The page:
Actor and activist George Takei recently made an appearance on Democracy Now! where, in addition to discussing Arizona's recent anti-LGBTQ bill and his role as Mr. Sulu, he talked about his family's experience inside a Japanese internment camp during the Second World War.

The clip above is about seven minutes long, but here's the transcript:

AMY GOODMAN: So, you were born in?

GEORGE TAKEI: Los Angeles.

AMY GOODMAN: And yet, at the age of eight, you were interned?

GEORGE TAKEI: No, at the age of five.

AMY GOODMAN: At the age of five.

GEORGE TAKEI: We came out when I was eight.

AMY GOODMAN: So, talk about that. What happened?

GEORGE TAKEI: Yes, well, you know, it wasn't just my birth in the U.S. My mother was born in Sacramento, California. My father was a San Franciscan. They were Northern Californians. And they met in Los Angeles, so I was born in Southern California. But there's no north-south divide in our family. We're Americans. We were and are—my parents have passed now, but we were citizens of this country. We had nothing to do with the war. We simply happened to look like the people that bombed Pearl Harbor. But without charges, without trial, without due process—the fundamental pillar of our justice system—we were summarily rounded up, all Japanese Americans on the West Coast, where we were primarily resident, and sent off to 10 barb wire internment camps—prison camps, really, with sentry towers, machine guns pointed at us—in some of the most desolate places in this country: the wastelands of Wyoming, Idaho, Utah, Colorado, the blistering hot desert of Arizona, of all places, in black tarpaper barracks. And our family was sent two-thirds of the way across the country, the farthest east, in the swamps of Arkansas.

And it's from this experience that, when I was a teenager, my father told me that our democracy is very fragile, but it is a true people's democracy, both as strong and as great as the people can be, but it is also as fallible as people are. And that's why good people have to be actively engaged in the process, sometimes holding democracy's feet to the fire, in order to make it a better, truer democracy.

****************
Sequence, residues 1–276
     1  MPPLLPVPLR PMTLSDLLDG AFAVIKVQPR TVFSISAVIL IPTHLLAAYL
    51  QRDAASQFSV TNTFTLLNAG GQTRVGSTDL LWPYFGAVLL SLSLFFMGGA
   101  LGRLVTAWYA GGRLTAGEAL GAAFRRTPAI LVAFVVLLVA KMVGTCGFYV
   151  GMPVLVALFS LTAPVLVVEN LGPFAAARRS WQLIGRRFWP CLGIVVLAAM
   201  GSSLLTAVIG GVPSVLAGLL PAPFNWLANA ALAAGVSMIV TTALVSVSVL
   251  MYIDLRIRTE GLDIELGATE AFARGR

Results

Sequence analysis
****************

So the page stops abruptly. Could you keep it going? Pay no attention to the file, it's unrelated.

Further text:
JUAN GONZÁLEZ: If I'm not mistaken, the governor of California back then during the internment process was Earl Warren, who later became a justice of the Supreme Court, perhaps one of the most liberal justices, but he supported those efforts back then.

GEORGE TAKEI: Well, this illustrates the hysteria that ran throughout the country. Actually, Earl Warren was the attorney general of the state of California at that time.

JUAN GONZÁLEZ: Oh, attorney general, right.

GEORGE TAKEI: He took an oath on the Constitution. He knew the Constitution. But knowing the Constitution and knowing what he was going to do was going to be against the Constitution, his ambition took over. He wanted to be governor. And he ran on the "get rid of the Japs" platform—and won. And as you stated, he later went on to become the "liberal" chief justice of the Supreme Court of the United States. So, even with the Supreme Court, there is that human fallibility. We—the good people have to be engaged in the process. And that's what's so shameful about the Arizona Legislature, that people like that, people who don't think, people who don't listen and people who do damage to the state get elected and dominate in legislatures.